To react to the changing threats in the cold war due to the introduction of supersonic jets to various air forces, it was decided at the beginning of the 1960s, that the German Bundeswehr was to be equipped with US-produced Anti-Aircraft Missile Systems wich should substitute the greatly overchallenged older tube artillery.
To combat targets in high altitudes (mainly bombers), the Nike Ajax (later Nike Hercules) system was chosen; the mid- and low-altitude range was to be coverd by the HAWK system.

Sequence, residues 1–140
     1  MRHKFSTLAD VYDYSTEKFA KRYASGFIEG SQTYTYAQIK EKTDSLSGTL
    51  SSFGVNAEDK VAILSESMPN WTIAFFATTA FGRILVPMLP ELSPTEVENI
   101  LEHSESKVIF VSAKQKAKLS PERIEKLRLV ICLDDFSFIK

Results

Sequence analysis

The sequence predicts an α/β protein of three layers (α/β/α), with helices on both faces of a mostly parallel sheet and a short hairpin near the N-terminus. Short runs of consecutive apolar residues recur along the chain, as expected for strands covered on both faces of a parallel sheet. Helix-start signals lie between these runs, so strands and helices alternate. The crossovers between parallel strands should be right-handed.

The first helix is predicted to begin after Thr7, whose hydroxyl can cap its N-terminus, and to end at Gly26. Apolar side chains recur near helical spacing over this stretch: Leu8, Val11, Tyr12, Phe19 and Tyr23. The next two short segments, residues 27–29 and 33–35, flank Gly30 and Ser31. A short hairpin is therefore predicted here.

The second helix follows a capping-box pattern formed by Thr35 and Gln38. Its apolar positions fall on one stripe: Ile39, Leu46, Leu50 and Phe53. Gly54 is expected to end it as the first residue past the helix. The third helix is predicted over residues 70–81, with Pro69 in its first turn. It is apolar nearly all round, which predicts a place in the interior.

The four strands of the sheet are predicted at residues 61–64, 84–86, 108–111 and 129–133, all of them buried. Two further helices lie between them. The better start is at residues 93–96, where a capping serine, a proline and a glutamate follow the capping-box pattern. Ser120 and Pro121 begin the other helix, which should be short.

At the height of the cold war, there were was an overall 36 systems active for the German Luftwaffe.
Grouped together with Dutch, Belgian and American units, these HAWK-troops made up the so-called HAWK-belt, which extended from the Danish border in the north to the Austrian border in the south.
The sites were chosen in a way that even in the case of a malfunction or failure of one or more systems the spheres of action overlapped and allowed for compensation.
The last two German HAWK-units were put out of service after the Luftwaffe had switched to the superior PATRIOT system.
The photos in this gallery are from a HAWK site in the far north of Germany.